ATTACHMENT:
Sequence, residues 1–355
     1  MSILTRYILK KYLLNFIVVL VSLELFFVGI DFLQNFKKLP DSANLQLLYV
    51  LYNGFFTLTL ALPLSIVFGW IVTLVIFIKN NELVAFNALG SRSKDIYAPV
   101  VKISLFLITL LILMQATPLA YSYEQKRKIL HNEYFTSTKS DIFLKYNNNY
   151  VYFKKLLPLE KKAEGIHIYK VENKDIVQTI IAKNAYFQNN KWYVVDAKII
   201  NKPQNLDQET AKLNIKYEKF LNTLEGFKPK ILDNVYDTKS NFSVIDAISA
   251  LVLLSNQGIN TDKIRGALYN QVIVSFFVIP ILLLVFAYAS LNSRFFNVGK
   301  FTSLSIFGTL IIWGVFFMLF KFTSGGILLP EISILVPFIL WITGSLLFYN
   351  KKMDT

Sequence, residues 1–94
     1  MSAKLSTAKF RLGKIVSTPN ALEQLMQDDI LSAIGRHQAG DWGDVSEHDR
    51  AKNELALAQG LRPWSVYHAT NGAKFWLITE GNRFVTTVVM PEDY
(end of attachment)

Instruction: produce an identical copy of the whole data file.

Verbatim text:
Sequence, residues 1–355
     1  MSILTRYILK KYLLNFIVVL VSLELFFVGI DFLQNFKKLP DSANLQLLYV
    51  LYNGFFTLTL ALPLSIVFGW IVTLVIFIKN NELVAFNALG SRSKDIYAPV
   101  VKISLFLITL LILMQATPLA YSYEQKRKIL HNEYFTSTKS DIFLKYNNNY
   151  VYFKKLLPLE KKAEGIHIYK VENKDIVQTI IAKNAYFQNN KWYVVDAKII
   201  NKPQNLDQET AKLNIKYEKF LNTLEGFKPK ILDNVYDTKS NFSVIDAISA
   251  LVLLSNQGIN TDKIRGALYN QVIVSFFVIP ILLLVFAYAS LNSRFFNVGK
   301  FTSLSIFGTL IIWGVFFMLF KFTSGGILLP EISILVPFIL WITGSLLFYN
   351  KKMDT

Sequence, residues 1–94
     1  MSAKLSTAKF RLGKIVSTPN ALEQLMQDDI LSAIGRHQAG DWGDVSEHDR
    51  AKNELALAQG LRPWSVYHAT NGAKFWLITE GNRFVTTVVM PEDY